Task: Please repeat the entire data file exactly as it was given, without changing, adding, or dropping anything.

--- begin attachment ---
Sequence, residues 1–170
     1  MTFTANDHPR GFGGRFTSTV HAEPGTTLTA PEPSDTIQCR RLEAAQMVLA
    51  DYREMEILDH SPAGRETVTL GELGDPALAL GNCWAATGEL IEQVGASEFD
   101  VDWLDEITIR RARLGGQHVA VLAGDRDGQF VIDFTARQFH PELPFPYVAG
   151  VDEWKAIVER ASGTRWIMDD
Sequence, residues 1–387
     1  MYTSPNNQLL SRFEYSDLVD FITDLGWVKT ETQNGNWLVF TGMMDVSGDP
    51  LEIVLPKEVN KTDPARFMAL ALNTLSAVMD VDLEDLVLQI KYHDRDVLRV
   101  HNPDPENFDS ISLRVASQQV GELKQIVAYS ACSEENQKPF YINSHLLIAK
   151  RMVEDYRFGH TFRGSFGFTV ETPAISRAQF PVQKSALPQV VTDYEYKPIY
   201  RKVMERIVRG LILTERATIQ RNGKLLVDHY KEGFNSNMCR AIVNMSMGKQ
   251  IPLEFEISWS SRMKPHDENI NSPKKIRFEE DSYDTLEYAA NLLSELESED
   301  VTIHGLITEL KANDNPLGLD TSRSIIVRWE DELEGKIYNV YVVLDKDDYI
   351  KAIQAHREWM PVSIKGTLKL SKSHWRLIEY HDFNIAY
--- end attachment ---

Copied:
Sequence, residues 1–170
     1  MTFTANDHPR GFGGRFTSTV HAEPGTTLTA PEPSDTIQCR RLEAAQMVLA
    51  DYREMEILDH SPAGRETVTL GELGDPALAL GNCWAATGEL IEQVGASEFD
   101  VDWLDEITIR RARLGGQHVA VLAGDRDGQF VIDFTARQFH PELPFPYVAG
   151  VDEWKAIVER ASGTRWIMDD
Sequence, residues 1–387
     1  MYTSPNNQLL SRFEYSDLVD FITDLGWVKT ETQNGNWLVF TGMMDVSGDP
    51  LEIVLPKEVN KTDPARFMAL ALNTLSAVMD VDLEDLVLQI KYHDRDVLRV
   101  HNPDPENFDS ISLRVASQQV GELKQIVAYS ACSEENQKPF YINSHLLIAK
   151  RMVEDYRFGH TFRGSFGFTV ETPAISRAQF PVQKSALPQV VTDYEYKPIY
   201  RKVMERIVRG LILTERATIQ RNGKLLVDHY KEGFNSNMCR AIVNMSMGKQ
   251  IPLEFEISWS SRMKPHDENI NSPKKIRFEE DSYDTLEYAA NLLSELESED
   301  VTIHGLITEL KANDNPLGLD TSRSIIVRWE DELEGKIYNV YVVLDKDDYI
   351  KAIQAHREWM PVSIKGTLKL SKSHWRLIEY HDFNIAY